In film history books the year 1915 practically goes hand-in-hand with The Birth of the Nation—not surprising, considering its mega-blockbuster status. But it was also a banner year for many amazingly sophisticated, ground-breaking films, from scandalous dramas like The Cheat to period pieces like The Coward to realistic crime films like Regeneration. The latter was famed director Raoul Walsh’s first feature-length film, and today it’s also considered the first feature-length gangster film. It has those touches of sentiment so common at the time, but also has a surprisingly unflinching portrayal of the grittier side of city life. Somehow, it makes me think of an Edwardian Valentine’s Day postcard plucked gingerly out of a mud puddle.
Walsh, known today for classics like The Thief of Bagdad (1924) and White Heat (1949), was adept at capturing different facets of life because, arguably, he had really lived. As a teen he left home and sailed on a cargo schooner before learning cattle wrangling in Mexico and Texas. He became so talented at roping horses that he helped train them for the U.S. Cavalry. He lived in a frontier mining town in Montana, was employed by an undertaker for a time, and was even taught by a country doctor how to do some basic surgeries. He certainly embodied the restless, adventurous spirit many young Americans had at the time.
Regeneration (also called The Regeneration) was the result of an apprenticeship under D.W. Griffith–for Walsh would end up working for the most influential director in the U.S. After breaking into the industry as a cowboy actor for Westerns, in 1914 he became one of Griffith’s assistant directors and would also play the important role of John Wilkes Booth in The Birth of a Nation. After directing a number of shorts he set out to create his first feature, for Fox Films. Based on the play My Mamie Rose depicting life in the rough neighborhoods of New York’s Lower East Side, it wasn’t going to be your typical melodrama or romance. Motion Picture News reported: “Scenes will be made in Chatham Square, in Chinatown, along the Bowery, and in the famous block of the ‘Three Deuces,’ the most densely crowded tenement in the world.”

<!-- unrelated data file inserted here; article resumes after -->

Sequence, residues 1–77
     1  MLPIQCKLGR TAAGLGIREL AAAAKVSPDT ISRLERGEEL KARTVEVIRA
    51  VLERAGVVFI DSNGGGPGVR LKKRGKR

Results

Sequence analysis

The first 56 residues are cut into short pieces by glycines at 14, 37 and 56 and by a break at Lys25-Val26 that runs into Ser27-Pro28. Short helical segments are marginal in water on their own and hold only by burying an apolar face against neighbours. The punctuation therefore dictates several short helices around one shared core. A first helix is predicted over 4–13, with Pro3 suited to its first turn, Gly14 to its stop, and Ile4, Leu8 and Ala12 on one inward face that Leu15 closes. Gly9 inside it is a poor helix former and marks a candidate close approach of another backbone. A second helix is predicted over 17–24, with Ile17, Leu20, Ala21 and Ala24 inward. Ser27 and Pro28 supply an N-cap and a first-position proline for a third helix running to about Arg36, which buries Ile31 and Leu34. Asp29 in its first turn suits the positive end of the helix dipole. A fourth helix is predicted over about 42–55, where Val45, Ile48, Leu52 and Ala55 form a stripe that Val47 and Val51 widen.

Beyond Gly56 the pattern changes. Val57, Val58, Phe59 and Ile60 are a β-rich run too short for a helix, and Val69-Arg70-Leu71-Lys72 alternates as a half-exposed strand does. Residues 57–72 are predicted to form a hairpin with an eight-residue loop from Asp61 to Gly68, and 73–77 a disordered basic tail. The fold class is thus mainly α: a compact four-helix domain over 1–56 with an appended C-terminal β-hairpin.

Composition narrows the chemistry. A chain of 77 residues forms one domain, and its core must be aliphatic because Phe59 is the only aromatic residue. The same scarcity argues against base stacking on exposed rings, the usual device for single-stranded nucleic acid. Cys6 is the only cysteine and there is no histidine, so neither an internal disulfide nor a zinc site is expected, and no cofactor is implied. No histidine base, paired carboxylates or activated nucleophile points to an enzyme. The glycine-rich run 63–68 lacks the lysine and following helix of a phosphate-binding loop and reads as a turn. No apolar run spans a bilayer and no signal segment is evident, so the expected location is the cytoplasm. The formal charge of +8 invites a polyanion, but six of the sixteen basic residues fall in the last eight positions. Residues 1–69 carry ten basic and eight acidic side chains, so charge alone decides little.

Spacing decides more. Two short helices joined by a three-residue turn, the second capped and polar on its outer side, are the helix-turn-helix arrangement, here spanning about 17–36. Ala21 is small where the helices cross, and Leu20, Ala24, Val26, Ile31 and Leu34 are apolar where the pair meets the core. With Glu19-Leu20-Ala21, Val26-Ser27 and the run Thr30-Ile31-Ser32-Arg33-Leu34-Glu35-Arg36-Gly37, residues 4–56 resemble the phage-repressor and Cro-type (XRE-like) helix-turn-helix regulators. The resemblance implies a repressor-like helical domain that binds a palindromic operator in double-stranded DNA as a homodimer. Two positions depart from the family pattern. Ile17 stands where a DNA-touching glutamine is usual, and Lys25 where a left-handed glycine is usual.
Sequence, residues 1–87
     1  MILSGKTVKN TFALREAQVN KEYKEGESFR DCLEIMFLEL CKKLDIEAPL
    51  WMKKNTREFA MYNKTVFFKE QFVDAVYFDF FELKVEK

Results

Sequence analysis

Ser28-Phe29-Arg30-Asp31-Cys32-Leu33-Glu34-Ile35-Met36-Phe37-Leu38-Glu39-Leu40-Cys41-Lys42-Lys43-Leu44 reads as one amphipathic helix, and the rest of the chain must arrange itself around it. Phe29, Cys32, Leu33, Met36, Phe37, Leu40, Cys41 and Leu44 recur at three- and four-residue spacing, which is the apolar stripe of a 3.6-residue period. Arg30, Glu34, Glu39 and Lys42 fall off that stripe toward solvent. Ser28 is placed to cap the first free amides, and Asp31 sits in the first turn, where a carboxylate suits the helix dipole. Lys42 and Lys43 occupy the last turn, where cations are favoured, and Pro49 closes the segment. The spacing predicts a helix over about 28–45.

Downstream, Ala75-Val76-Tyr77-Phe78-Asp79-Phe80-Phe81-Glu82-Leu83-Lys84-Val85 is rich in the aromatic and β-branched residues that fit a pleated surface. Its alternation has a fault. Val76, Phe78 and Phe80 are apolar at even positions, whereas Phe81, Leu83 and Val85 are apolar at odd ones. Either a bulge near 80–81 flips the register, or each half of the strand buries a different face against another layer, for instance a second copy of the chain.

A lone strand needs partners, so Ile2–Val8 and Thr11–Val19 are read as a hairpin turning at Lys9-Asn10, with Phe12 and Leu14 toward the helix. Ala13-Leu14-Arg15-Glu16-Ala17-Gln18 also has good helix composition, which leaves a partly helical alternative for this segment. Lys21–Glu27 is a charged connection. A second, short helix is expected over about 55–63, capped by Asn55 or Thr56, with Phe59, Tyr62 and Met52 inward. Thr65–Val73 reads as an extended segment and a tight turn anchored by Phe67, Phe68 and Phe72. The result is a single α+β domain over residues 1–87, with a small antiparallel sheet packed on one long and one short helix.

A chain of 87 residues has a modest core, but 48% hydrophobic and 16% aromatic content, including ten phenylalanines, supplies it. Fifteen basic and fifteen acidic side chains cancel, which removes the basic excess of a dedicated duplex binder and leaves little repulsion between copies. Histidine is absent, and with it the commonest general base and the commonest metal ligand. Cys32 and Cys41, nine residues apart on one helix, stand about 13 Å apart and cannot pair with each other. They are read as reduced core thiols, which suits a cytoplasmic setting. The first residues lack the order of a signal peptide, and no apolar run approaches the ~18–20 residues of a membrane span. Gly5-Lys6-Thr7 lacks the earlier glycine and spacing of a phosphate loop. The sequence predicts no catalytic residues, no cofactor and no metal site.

The story follows 10-year-old Owen, newly orphaned and living in a miserable tenement. He’s taken in by an abusive couple from across the hall, which is more of a curse than a blessing. As he grows up in these squalid surroundings, he falls in with a rough crowd “where the prizes of existence go to the man who has the most daring in defying the law, and the quickest fist in defending his own rights.” By his mid-twenties, Owen’s become a confident and shrewdly-observant gang leader (and is played by the square-jawed Rockliffe Fellowes, a manly name if there ever was one).
While relaxing at a cheap night club full of sketchy characters, Owen sees Marie Deering, the gentle, sheltered daughter of a wealthy family. Marie had expressed an innocent interest in seeing real gangsters–“They must be awfully interesting people”–and their friend the district attorney took the Deerings to the club. The visit goes awry when the D.A. (predictably) starts getting roughed up by thugs, but Owen sees Marie’s distress and comes to the D.A.’s rescue.